Cellular Automata and the Origin of Life
Fourier Life deals with cellular automata, of which the most famous example is Conway's Game of Life.
After discovering the first system, I wanted to find more self-replicating systems which would spontaneously appear out of a random field of cells. The visual analogy to the first life forms spontaneously coming into existence from the primordial soup is striking. See my Implications post for more speculation on this analogy.
Others have discovered or invented self-replicating systems in cellular automata, a collection of which is demonstrated on this nice web site from the New England Complex Systems Institute. The work described on this web site is complimentary to this earlier work and differs in three important ways:
- The self-replicating systems are emergent from a random population of cells--they were not designed.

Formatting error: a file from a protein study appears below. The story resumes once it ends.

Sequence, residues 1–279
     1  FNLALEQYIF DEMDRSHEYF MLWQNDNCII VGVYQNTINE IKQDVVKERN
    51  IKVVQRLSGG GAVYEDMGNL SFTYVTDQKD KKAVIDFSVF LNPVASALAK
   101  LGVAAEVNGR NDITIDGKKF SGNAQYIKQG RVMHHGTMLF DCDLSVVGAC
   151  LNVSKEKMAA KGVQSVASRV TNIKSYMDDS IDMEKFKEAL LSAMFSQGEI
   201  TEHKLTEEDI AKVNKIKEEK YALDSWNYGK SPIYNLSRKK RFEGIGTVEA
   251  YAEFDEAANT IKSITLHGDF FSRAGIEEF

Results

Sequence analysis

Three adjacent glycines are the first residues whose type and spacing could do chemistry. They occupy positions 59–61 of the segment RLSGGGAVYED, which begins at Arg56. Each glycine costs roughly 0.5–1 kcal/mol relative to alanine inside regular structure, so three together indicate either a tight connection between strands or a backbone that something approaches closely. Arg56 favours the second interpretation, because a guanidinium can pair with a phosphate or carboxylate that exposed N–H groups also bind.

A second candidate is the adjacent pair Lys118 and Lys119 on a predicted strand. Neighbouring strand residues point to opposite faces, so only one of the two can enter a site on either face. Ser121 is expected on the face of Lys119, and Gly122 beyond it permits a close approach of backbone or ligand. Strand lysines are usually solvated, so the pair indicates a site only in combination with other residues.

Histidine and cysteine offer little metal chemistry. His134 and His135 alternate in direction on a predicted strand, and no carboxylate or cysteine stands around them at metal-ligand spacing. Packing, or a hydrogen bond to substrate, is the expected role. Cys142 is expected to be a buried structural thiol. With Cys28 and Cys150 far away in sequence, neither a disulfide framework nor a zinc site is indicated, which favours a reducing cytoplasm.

- The self-replicating creatures (for lack of a better term) appear in systems simpler than the previous ones (two- and three-state systems rather than six- to nine-state systems)
- An algorithm using Fourier Transform was developed to find these emergent self-replicating systems
I'm just a computer hobbyist, not a scientist in the field of artificial life (my day job is an organic chemist trying to discover new medicines). As a result, I am not up-to-date on all the relevant research. If you know of such research, please add a comment below.